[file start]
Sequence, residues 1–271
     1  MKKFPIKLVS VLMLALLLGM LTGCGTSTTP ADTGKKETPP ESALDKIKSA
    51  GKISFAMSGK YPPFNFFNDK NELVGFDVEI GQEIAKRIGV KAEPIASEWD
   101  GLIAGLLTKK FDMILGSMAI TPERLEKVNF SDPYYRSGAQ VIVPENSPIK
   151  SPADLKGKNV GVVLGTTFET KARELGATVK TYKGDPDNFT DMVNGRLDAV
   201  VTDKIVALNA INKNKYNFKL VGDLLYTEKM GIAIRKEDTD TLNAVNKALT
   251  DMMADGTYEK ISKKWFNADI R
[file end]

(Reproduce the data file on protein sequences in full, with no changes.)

Sequence, residues 1–271
     1  MKKFPIKLVS VLMLALLLGM LTGCGTSTTP ADTGKKETPP ESALDKIKSA
    51  GKISFAMSGK YPPFNFFNDK NELVGFDVEI GQEIAKRIGV KAEPIASEWD
   101  GLIAGLLTKK FDMILGSMAI TPERLEKVNF SDPYYRSGAQ VIVPENSPIK
   151  SPADLKGKNV GVVLGTTFET KARELGATVK TYKGDPDNFT DMVNGRLDAV
   201  VTDKIVALNA INKNKYNFKL VGDLLYTEKM GIAIRKEDTD TLNAVNKALT
   251  DMMADGTYEK ISKKWFNADI R